ack of clear structures on succession at the Ministry of Foreign Affairs continues to cause confusion, disquiet and infighting among senior directors and ambassadors at the headquarters.
It is emerging the recent push and pull over President Uhuru Kenyatta’s diplomatic appointees was a culmination of the discord.
Career diplomats, some whom have stayed at the headquarters for over 10 years, are feeling disfranchised as Uhuru continues to give diplomatic postings to political and civil servant rejects since 2014.
Analysis by the Star shows not more than 10 career diplomats have been posted as envoys since Uhuru came to power, further heightening tensions at the ministry.
“The recent information published by some newspapers was leaked to paint the nominees as unwanted, and probably a rethink of the nominations and the subsequent appointments,” a source who did not want to be named said.
Speaking to the Star on the phone, Foreign Affairs PS Macharia admitted the concerns are there and are legitimate. “We are, however, working on them in the context of successive management process targeting all cadres, from the senior directors and career ambassadors to the junior officers in a progressive manner. We are working with the Public Service Commission, and CS Monica Juma is leading this process,” Amb Kamau said.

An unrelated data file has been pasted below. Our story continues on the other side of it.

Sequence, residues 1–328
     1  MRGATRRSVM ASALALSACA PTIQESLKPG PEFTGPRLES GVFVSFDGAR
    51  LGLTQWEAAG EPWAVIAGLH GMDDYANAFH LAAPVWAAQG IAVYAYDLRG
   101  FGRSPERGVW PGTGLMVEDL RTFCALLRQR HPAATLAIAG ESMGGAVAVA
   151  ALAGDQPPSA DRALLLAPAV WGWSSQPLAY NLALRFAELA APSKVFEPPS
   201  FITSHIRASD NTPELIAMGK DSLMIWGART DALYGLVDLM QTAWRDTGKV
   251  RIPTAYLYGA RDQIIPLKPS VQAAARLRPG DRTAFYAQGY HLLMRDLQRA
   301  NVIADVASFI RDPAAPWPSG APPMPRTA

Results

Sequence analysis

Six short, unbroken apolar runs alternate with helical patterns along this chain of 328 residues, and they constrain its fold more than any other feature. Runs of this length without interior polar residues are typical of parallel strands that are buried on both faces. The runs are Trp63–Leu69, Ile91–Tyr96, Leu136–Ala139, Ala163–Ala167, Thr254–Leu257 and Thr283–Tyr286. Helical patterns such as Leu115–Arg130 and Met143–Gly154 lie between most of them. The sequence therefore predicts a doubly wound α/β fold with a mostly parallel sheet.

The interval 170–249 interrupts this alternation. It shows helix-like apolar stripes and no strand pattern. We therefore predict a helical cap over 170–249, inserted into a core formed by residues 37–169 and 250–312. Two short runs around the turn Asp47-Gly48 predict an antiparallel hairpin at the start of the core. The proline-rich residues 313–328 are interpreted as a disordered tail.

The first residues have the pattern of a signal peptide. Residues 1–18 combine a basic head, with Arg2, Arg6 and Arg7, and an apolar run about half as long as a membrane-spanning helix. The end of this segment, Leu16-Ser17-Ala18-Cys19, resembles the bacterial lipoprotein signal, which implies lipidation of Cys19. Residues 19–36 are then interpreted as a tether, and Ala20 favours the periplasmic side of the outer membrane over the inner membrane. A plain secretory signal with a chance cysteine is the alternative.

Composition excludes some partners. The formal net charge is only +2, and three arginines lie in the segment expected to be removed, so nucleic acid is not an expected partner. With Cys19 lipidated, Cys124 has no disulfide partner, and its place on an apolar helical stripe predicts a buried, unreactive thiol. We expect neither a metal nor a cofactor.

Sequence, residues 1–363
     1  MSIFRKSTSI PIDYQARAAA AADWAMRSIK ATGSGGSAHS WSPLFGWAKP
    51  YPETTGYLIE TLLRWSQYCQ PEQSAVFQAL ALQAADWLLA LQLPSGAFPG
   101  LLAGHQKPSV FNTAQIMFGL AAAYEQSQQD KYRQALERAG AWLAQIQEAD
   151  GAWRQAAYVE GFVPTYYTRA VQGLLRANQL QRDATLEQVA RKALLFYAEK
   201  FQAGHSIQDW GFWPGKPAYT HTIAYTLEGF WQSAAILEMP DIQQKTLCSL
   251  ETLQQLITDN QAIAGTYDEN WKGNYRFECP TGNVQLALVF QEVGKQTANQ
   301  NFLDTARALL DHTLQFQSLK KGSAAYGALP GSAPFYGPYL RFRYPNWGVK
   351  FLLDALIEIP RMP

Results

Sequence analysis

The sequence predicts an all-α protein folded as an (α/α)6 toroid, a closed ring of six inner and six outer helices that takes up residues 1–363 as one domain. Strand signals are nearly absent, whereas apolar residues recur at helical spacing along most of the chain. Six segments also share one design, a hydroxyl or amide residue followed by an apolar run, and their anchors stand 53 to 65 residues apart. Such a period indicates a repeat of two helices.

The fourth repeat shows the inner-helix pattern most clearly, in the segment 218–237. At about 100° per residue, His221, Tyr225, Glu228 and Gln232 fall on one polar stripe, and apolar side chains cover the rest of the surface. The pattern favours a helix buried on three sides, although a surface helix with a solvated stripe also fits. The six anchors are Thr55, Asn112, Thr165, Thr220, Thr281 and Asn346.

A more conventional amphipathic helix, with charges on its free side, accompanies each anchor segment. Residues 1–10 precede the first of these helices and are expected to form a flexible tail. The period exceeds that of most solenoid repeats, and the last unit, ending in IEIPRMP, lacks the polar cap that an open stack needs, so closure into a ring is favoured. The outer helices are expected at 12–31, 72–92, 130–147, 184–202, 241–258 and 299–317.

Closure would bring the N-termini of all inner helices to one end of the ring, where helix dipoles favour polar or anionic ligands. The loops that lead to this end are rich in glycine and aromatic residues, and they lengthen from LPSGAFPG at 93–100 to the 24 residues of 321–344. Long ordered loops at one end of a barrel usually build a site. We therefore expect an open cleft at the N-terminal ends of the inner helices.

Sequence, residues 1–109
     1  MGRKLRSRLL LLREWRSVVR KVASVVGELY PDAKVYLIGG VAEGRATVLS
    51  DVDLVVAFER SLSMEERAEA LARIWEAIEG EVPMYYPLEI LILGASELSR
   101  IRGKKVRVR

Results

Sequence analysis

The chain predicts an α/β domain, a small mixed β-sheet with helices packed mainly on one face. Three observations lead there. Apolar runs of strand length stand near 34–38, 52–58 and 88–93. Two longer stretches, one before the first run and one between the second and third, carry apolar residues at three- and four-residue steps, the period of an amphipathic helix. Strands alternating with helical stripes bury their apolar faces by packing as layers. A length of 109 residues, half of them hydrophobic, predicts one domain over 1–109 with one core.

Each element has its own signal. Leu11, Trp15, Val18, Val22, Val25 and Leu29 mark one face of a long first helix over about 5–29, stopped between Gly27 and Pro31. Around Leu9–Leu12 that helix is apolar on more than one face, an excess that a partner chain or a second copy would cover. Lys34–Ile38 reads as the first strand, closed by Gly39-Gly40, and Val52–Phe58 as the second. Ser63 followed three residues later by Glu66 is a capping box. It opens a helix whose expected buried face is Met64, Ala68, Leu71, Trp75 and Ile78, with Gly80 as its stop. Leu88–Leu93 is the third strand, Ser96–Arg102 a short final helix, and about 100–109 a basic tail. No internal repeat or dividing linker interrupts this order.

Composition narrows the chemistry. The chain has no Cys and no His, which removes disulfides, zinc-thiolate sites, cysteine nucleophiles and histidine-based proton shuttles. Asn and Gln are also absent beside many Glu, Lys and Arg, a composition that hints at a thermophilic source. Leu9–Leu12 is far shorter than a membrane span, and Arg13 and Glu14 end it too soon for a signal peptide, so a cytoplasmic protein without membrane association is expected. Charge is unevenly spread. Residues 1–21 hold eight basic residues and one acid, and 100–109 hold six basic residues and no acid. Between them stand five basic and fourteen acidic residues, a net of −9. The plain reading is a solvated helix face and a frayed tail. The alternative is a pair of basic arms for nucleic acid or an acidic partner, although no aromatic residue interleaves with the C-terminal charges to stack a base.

He said the process will be complete in four to six weeks. In the strategic plan 201819-2022/23, the ministry notes lack of clear structures on succession, knowledge and information management as a weakness in its SWOT analysis.
Foreign Service Bill 2015, which is still before the House, states: “In the appointment of High Commissioners and Ambassadors, the appointing authority shall endeavour to maintain a fair balance in favour of serving career Foreign Service Officers, to ensure that professionalism and career progression are not compromised”.
Some officers appear to be making fast progress in their careers though.
June Ruto, who joined the ministry in 2014, is now a charge de’ affaires, and she received CS Juma in Poland when she visited for a Warsaw conference. Last year, she was a consular in Paris, Italy, and she hosted CAS Ababu Namwamba.
There have also been complains within the ministry that political appointees performance have been detrimental in furthering Kenya’s Foreign Policy. The documented policy was launched in 2014.
Most politicians resign and return after three to four years to run for office.
In the last General Election,
for example, former Ambassador to Tanzania Chirau Makwere and his UN Habitat counterpart Sam Ongeri resigned to run for political office.
Asked whether the ministry has a system to evaluate envoy’s performance, Kamau said that is done through personnel assessment reports within the public service system. However, Kamau said they are considering to have a different system because “of the unique roles at the ministry”.
“In many countries, the Foreign Affairs ministry is a special cadre in terms of recruitment and remuneration,” he said.
There are also directors and their deputies who are yet to be posted or promoted to ambassadors.
“There is a lot hopelessness. Some officers are almost retiring having stagnated in the same job group for years,” a source said.
“Sometimes dealing with political appointees is usually hectic ... it’s problematic,” another source said when asked why there was delay in departure of appointed envoys.